Two Rings

Today’s post is a heart wrenching one – one that you hear whispered about in parenting circles, but is so rarely discussed loudly. We are hear to discuss it loudly, because we know it happens far too often. ATRP proudly presents, Sarah. -C


 

Miscarriage. All-too-often an unsung, tragic melody. It’s a song that has coursed through the hallways of our home this past week. Its python tendrils of grief have wrapped around us in our bed – keeping sleep just out of reach; traveled with us to work – making menial tasks heavy and wearisome; knelt with us on a floor strewn with toys – reminding us of the sweet baby that is not to be; clouded every thought – refusing to move out of the way of daily life that still surrounds us.

This is our second miscarriage. We have lost two babies. They were tiny. But they were fiercely and deeply loved. Those tiny Little Ones have been in our hopes and dreams for a 3-kid family from the beginning. We got lucky, super lucky with our first two babies. Our boy, we conceived on the first try. Our girl, on the third try. Piece of cake. Turns out, this is not average. We are now learning to understand “the norm.” Early miscarriages are common. They are probable. They are horrible.

Most people suck at talking with a person being suffocated by grief. I am not a fan of the well, aren’t you grateful you already have two healthy children? conversation. The implication being that I am not grateful, that I do not value the blossoming lives of my amazing kids. If anything, the terrible sharpness of loss provides the perfect contrast needed to value those children even more, if that’s even possible. I don’t know the sting of miscarriage before babies, and, yes, I am grateful because those Darlings have rescued me from encroaching panic and darkness countless times in the last seven days…I am sure they will continue to unwittingly rescue me from the waves of grief that still crash at random.

I am okay with I’m sorry and I am praying for you or what can I do to help? (But only if you mean that last one because this is not my first rodeo with life-altering grief in the last year, and you know what? grief teaches you to ask for help when you need it because it’s okay to need it.) I like those because they acknowledge the life that was lost. These phrases of sympathy do not diminish the immense love I have for my living, breathing children; rather, they emphasize and validate the crazy love I have for the babies I will not get to hold in this lifetime.

Do you know what our friends and family did for us? They showed up. They keep showing up. My sister-in-law came over and did all my dishes, then she held me, and we cried together. One friend brought us soup, bread, and salad, so we didn’t have to turn on the freaking stove. Another friend dropped-off chocolate, peanut-butter cupcakes on our porch like a ninja. My parents – who have been to hell and back with health issues in the past six months – hugged me, called, and texted me. My siblings called me, made sure I was okay. Every person we told the good news, and then the subsequent, obligatory bad news, poured love and empathy and kindness on us.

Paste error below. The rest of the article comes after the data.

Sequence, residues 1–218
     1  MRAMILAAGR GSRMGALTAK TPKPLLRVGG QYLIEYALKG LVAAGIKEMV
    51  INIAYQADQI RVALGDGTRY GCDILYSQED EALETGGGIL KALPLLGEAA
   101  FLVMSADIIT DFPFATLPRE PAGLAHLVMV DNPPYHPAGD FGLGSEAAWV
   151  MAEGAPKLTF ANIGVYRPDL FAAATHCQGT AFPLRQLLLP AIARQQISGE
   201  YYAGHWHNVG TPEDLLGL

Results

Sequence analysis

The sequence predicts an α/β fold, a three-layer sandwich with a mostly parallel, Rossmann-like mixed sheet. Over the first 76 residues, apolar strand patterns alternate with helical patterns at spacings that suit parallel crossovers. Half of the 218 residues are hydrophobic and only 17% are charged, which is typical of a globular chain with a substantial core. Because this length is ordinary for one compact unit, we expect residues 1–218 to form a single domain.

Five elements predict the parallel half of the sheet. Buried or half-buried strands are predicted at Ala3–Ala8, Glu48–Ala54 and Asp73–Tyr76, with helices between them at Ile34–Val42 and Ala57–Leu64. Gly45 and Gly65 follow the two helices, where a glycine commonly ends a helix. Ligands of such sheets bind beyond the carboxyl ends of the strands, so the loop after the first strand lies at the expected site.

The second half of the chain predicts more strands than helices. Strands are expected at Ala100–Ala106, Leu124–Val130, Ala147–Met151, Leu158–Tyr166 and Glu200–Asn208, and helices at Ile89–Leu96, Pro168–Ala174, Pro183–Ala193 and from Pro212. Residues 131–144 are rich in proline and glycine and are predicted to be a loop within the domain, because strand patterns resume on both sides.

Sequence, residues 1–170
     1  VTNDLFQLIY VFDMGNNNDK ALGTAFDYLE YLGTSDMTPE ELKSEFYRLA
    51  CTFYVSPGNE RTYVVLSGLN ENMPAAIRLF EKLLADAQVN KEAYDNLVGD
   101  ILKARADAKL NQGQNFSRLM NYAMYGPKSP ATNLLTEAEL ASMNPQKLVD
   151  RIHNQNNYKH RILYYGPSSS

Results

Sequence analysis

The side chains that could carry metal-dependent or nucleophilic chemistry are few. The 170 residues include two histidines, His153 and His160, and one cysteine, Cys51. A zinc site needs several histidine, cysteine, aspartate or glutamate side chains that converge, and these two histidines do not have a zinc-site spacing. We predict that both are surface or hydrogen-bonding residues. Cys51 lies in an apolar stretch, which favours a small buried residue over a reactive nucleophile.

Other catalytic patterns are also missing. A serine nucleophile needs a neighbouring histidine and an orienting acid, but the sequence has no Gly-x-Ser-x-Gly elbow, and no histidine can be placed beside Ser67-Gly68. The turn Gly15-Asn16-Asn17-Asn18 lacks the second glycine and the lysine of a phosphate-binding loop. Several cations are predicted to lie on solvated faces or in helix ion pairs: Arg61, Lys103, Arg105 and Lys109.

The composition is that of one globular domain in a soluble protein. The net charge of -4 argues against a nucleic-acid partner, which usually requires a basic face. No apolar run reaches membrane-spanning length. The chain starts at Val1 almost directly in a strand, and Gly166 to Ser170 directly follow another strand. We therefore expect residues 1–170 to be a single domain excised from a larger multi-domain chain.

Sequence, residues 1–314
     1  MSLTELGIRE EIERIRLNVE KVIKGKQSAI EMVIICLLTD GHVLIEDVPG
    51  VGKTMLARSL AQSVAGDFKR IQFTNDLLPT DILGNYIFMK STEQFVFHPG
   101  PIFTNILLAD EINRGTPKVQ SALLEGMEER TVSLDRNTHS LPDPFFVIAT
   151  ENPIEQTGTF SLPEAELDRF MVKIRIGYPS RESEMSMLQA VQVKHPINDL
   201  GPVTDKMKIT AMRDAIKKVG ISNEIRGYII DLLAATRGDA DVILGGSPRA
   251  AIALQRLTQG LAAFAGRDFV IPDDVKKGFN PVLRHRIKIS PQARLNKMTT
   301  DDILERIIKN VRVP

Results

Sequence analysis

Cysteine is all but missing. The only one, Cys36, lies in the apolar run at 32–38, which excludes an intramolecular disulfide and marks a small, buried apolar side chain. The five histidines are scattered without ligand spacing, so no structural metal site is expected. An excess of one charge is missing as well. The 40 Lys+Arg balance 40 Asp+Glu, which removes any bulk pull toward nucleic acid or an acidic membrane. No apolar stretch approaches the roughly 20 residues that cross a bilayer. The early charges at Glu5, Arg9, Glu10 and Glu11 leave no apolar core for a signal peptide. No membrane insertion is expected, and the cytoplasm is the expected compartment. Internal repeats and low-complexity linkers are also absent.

We broke rules telling so many people so early on. But I decided after our first lost baby, I want to invite our immediate family – which includes those friends who choose to love you and you choose to love them even when life is dumb – into the joy of pregnancy even if there is devastation to follow. Those texts (because talking on the phone is too hard when you’re sobbing) that brought the sad news were hard to type and hard to send. Oh, but the healing. There is great beauty in letting people see you at your most vulnerable. So uncomfortable, but so good.

It turns out, grief and weakness are not the same thing. I am one of those people that holds myself to an impossibly high standard. I hate the idea of people perceiving me as weak. But those same people I had to text the news of loss to, told me I am strong. Told me I am a great mom. Told me I am young, healthy, vibrant, free to try again if that’s what we want. My village comes through every time.

And then there’s my husband. I’m a lucky girl, and I know it. He gets better with time, and I am at the center of his love and affection. Maybe you noticed how often I used the pronouns we and our. Not sure why, but women don’t talk about miscarriage very often. People – as in women and men – hardly speak of it at all. My hubby lost these babies too. Babies that he deeply loves. He is grieving too. It seems to me, that we often undervalue the importance of Dads in many ways, miscarriage included. We have lost two babies. We are devastated.

But, I will say, the process of grieving has taught me that the state of okay-ness will return in time. I have learned it is acceptable and healthy to feel all of the feels, in fact, I believe it is a unique privilege of being human that we get to really feel. Grief is unique to each individual and deserves respect, honor, and validation from those whom with the grieving person is willing to share.

I hate miscarriage. But it does happen. And it should be okay to talk about it.

 

Sarah lives in Arizona, with her delightful husband and busy kids. She is a fairly private person, but felt a great need to share her story. The two rings she wears signify each baby her and her husband lost.

 

 

 

 

Featured Photo – Unsplash / Ester Marie Doysabas

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